6 Singh S , Clarke I , Terasaki M , Bonn V , Hawkins C , Squire J et al. Identification of a cancer stem cell in human brain tumors . Cancer Res 2003 ; 63 : 5821 - 5828 .
7 Singh S , Hawkins C , Clarke I , Squire J , Bayani J , Hide T et al. Identification of human brain tumour initiating cells . Nature 2004 ; 432 : 396 - 401 .
8 Chen J , Li Y , Yu TS , McKay RM , Burns DK , Kernie SG et al. A restricted cell population propagates glioblastoma growth after chemotherapy . Nature 2012 ; 488 : 522 - 526 .
9 Bao S , Wu Q , McLendon RE , Hao Y , Shi Q , Hjelmeland AB et al. Glioma stem cells promote radioresistance by preferential activation of the DNA damage response . Nature 2006 ; 444 : 756 - 760 .
10 Li Z , Wang H , Eyler CE , Hjelmeland AB , Rich JN . Turning cancer stem cells inside out: an exploration of glioma stem cell signaling pathways . J Biol Chem 2009 ; 284 : 16705 - 16709 .
11 Dey M , Ulasov IV , Tyler MA , Sonabend AM , Lesniak MS . Cancer stem cells: the final frontier for glioma virotherapy . Stem Cell Rev 2011 ; 7 : 119 - 129 .
12 Uchida N , Buck DW , He D , Reitsma MJ , Masek M , Phan TV et al. Direct isolation of human central nervous system stem cells . Proc Natl Acad Sci USA 2000 ; 97 : 14720 - 14725 .
13 Zimmerman L , Parr B , Lendahl U , Cunningham M , McKay R , Gavin B et al. Independent regulatory elements in the nestin gene direct transgene expression to neural stem cells or muscle precursors . Neuron 1994 ; 12 : 11 - 24 .
14 Gong X , Schwartz PH , Linskey ME , Bota DA . Neural stem/progenitors and glioma stem-like cells have differential sensitivity to chemotherapy . Neurology 2011 ; 76 : 1126 - 1134 .
15 Schmidinger M , Linzmayer L , Becherer A , Fazeny-Doemer B , Fakhrai N , Prayer D et al. Psychometric- and quality-of-life assessment in long-term glioblastoma survivors . J Neurooncol 2003 ; 63 : 55 - 61 .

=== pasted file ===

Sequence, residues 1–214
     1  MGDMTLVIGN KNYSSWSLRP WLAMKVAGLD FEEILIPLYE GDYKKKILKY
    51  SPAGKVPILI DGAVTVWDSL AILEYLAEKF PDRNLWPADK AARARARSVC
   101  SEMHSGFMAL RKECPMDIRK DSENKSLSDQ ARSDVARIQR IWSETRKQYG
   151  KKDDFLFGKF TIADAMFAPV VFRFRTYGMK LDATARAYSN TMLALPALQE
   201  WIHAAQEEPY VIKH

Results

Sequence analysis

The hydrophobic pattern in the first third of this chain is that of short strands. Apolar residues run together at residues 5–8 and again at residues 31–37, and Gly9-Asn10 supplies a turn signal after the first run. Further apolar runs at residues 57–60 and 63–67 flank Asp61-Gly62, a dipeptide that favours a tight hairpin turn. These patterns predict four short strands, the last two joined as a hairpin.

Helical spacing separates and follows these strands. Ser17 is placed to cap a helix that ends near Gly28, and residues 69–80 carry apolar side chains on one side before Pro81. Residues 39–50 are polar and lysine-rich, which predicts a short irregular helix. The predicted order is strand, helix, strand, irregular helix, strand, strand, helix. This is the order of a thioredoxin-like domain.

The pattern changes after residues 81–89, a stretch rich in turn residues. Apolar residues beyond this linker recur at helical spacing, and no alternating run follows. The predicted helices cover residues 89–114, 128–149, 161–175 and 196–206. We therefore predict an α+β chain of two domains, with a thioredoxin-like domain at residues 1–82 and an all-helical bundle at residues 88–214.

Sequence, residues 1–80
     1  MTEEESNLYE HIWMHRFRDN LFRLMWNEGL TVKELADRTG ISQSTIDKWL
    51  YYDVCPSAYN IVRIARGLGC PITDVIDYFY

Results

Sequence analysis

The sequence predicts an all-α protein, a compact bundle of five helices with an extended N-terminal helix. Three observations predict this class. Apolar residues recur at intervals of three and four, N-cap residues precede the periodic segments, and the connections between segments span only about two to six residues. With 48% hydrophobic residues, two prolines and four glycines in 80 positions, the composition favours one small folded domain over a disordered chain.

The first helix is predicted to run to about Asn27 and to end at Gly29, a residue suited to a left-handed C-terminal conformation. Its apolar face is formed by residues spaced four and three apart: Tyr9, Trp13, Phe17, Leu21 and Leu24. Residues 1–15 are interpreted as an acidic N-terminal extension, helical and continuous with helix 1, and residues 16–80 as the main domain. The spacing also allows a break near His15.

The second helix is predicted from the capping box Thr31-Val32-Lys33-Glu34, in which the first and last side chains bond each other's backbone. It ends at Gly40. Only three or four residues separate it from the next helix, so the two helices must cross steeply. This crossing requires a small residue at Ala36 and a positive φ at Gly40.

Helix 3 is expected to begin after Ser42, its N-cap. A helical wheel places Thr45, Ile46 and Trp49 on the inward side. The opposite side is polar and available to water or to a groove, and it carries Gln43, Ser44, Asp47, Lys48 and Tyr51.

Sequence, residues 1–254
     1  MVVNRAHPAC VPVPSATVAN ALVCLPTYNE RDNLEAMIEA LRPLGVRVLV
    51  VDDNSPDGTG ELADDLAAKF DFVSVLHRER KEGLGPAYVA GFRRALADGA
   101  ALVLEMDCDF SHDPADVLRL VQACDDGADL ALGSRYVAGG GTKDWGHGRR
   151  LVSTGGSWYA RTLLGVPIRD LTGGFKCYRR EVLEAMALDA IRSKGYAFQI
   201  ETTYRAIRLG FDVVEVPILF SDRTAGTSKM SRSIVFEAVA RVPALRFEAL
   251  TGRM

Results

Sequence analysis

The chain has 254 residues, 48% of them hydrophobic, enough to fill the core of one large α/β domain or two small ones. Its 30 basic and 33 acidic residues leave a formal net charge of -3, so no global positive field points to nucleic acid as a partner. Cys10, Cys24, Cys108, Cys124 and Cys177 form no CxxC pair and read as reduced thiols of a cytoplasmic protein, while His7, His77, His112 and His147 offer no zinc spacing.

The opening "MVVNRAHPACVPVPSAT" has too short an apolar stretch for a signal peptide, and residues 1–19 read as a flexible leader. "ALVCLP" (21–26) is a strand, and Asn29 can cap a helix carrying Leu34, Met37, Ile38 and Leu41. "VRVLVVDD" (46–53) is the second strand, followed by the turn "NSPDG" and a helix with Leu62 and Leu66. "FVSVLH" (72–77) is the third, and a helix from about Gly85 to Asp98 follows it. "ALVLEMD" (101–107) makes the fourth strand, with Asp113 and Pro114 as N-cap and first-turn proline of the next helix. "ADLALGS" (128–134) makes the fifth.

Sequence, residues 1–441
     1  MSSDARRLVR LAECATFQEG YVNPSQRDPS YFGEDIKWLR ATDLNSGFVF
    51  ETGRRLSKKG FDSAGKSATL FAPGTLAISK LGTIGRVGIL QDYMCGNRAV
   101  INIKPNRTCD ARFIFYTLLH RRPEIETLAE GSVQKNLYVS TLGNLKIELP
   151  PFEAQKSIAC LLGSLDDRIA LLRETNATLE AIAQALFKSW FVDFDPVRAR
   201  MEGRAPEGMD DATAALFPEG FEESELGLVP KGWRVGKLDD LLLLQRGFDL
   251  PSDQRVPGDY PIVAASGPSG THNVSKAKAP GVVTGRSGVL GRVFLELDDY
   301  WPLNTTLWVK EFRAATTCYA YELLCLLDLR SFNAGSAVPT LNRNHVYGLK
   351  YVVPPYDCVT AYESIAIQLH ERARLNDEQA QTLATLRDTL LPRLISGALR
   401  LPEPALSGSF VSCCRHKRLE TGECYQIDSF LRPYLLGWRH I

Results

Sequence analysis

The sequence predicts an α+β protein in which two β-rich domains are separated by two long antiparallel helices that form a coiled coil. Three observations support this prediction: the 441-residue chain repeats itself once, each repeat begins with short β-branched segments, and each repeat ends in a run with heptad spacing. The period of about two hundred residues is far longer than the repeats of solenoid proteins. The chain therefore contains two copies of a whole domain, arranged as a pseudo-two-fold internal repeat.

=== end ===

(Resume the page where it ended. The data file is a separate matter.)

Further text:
16 Corn BW , Wang M , Fox S , Michalski J , Purdy J , Simpson J et al. Health related quality of life and cognitive status in patients with glioblastoma multiforme receiving escalating doses of conformal three dimensional radiation on RTOG 98- 03 . J Neurooncol 2009 ; 95 : 247 - 257 .
17 Reymond A , Meroni G , Fantozzi A , Merla G , Cairo S , Luzi L et al. The tripartite motif family identifies cell compartments . EMBO J 2001 ; 20 : 2140 - 2151 .
18 Saurin AJ , Borden KL , Boddy MN , Freemont PS . Does this have a familiar RING? Trends Biochem Sci 1996 ; 21 : 208 - 214 .
19 Borden KL . RING fingers and B-boxes: zinc-binding protein-protein interaction domains . Biochem Cell Biol 1998 ; 76 : 351 - 358 .
20 Hatakeyama S. TRIM proteins and cancer . Nat Rev Cancer 2011 ; 11 : 792 - 804 .
21 Niikura T , Hashimoto Y , Tajima H , Ishizaka M , Yamagishi Y , Kawasumi M et al. A tripartite motif protein TRIM11 binds and destabilizes Humanin, a neuroprotective peptide against Alzheimer's disease-relevant insults . Eur J Neurosci 2003 ; 17 : 1150 - 1158 .
22 Ishikawa H , Tachikawa H , Miura Y , Takahashi N. TRIM11 binds to and destabilizes a key component of the activator-mediated cofactor complex (ARC105) through the ubiquitin-proteasome system . FEBS Lett 2006 ; 580 : 4784 - 4792 .
23 Tuoc TC , Stoykova A . Trim11 modulates the function of neurogenic transcription factor Pax6 through ubiquitin-proteosome system . Genes Dev 2008 ; 22: 1972 - 1986 .
24 Hong SJ , Chae H , Lardaro T , Hong S , Kim KS . Trim11 increases expression of dopamine beta-hydroxylase gene by interacting with Phox2b . Biochem Biophys Res Commun 2008 ; 368 : 650 - 655 .
25 Sanai N , Alvarez-Buylla A , Berger MS . Neural stem cells and the origin of gliomas . N Engl J Med 2005 ; 353 : 811 - 822 .
26 Schwartz PH , Bryant PJ , Fuja TJ , Su H , O'Dowd DK , Klassen H. Isolation and characterization of neural progenitor cells from post-mortem human cortex . J Neurosci Res 2003 ; 74 : 838 - 851 .